Chords for "Big Black Smoke"

From: Harlan L Thompson


Em       Em/D#    Em/D     Em/Db   Em/C
She was sick and tired of country life
A little country home, a little country home
                     B Bsus4 B Bsus4 B
Made her blood run cold
Now her mother pines her heart away
                  G           D         Em
Looking for her child in the big black smoke
 G       D        Em   Em/D# Em/D Em/Db
In the big black smoke

Frailest, purest girl the world has seen
According to her ma, according to her pa
And everybody said
That she knew no sin and did no wrong
Till she walked the streets of the big black smoke
Of the big black smoke

Well she slept in cafes and coffee bars and bowling alleys
                     Em G D
And every penny she had
      G                             B
Was spent on purple hearts and cigarettes

Ah, she took all her pretty coloured clothes
Ran away from home, the boy next door
For a boy named Joe
And he took the money for the rent
Tried to drag her down in the big black smoke
In the big black smoke

  G      D          Em
(In the big black smoke) In the big black smoke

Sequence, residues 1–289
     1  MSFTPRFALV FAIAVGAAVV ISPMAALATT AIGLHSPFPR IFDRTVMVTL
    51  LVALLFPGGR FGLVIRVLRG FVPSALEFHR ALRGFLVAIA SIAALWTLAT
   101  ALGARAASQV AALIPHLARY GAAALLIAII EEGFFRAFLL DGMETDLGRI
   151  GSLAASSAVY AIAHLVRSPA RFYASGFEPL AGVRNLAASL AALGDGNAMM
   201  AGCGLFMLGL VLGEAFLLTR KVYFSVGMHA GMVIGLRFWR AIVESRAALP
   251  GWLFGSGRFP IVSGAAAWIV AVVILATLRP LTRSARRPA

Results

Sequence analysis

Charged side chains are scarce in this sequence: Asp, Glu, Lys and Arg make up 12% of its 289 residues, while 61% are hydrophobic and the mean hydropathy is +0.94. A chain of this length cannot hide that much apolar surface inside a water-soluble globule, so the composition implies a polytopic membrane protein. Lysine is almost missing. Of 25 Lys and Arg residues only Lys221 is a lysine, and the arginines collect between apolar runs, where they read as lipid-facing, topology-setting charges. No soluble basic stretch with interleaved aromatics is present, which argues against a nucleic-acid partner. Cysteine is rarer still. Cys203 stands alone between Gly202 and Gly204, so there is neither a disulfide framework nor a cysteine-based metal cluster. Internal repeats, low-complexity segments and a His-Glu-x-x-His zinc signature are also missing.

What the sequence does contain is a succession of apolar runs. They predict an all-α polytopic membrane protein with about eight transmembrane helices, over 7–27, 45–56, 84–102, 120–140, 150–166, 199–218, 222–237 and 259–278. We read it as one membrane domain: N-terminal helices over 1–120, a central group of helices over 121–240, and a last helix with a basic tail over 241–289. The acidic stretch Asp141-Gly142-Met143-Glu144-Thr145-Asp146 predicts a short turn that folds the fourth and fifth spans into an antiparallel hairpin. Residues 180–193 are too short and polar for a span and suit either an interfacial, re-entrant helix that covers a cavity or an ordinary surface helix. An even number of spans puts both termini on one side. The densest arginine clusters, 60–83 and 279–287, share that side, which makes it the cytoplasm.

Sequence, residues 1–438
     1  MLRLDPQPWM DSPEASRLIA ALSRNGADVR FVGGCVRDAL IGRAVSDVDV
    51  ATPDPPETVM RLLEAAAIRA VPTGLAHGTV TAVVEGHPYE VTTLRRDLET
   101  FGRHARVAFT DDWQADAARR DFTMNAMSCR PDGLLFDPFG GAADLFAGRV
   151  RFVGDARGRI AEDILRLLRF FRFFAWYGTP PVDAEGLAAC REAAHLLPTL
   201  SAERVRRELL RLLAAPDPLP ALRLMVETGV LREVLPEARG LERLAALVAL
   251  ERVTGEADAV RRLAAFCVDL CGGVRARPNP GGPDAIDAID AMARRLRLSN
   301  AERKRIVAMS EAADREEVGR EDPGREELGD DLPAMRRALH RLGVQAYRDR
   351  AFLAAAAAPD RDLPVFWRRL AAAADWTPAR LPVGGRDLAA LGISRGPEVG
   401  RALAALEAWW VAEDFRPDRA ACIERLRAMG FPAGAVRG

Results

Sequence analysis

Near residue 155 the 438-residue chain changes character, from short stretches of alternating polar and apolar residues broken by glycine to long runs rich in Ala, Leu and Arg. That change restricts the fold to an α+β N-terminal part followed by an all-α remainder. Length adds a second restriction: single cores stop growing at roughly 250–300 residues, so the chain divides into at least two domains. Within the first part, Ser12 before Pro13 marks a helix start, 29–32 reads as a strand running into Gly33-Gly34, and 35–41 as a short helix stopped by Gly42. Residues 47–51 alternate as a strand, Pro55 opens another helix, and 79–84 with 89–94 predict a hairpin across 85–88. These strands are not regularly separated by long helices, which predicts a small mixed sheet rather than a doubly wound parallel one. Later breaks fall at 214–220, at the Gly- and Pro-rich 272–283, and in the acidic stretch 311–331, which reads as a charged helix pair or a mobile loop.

G        D          Em                      D C D
(In the big black smoke) In the big black smoooooke
 D  C  D     D  C  D    D  C  D   D C D  D C D
Smoooooke, smoooooke, smoooooke, oh oh, oh oh

Em/D#: 0 2 2 0 4 0   Em/D (Em7): 0 2 2 0 3 0  
Em/Db (Em6): 0 2 2 0 2 0   Em/C:  0 2 2 0 1 0
Bsus4: 2 2 4 4 5 2

(from The Kinks Kronikles)
(sent by Harlant)

Date: Sept. 23, 2000 5:01 PM From: colum So many of the Kinks tabs that you provide correct as far as the chords, but the voicing sounds much better, and the songs are actually easier to play by using a capo. Try, for instance, "Phenomenal Cat" with a capo in the fifth fret. Play a Dmaj by using the Amaj formation, and Gmaj by forming a Dmaj chord. The ascending bass line in the chorus sounds better, because you can play fuller chords, and is also easier to play. "Big Black Smoke" is played with the capo on the seventh fret "Days" on the fifth, etc. They obviously are not all played with a Capo (i.e. "Midday Sun"), but whenever you get into those crazy chord formations, experiment with it. It is a useful and vastly overlooked tool. I initially discovered this, quite simply, because Ray's register is often hard for me to match, and whenever that happens, out comes the capo, the easiest way to transpose. Try it and tell me what you think....
E-mail Dave Emlen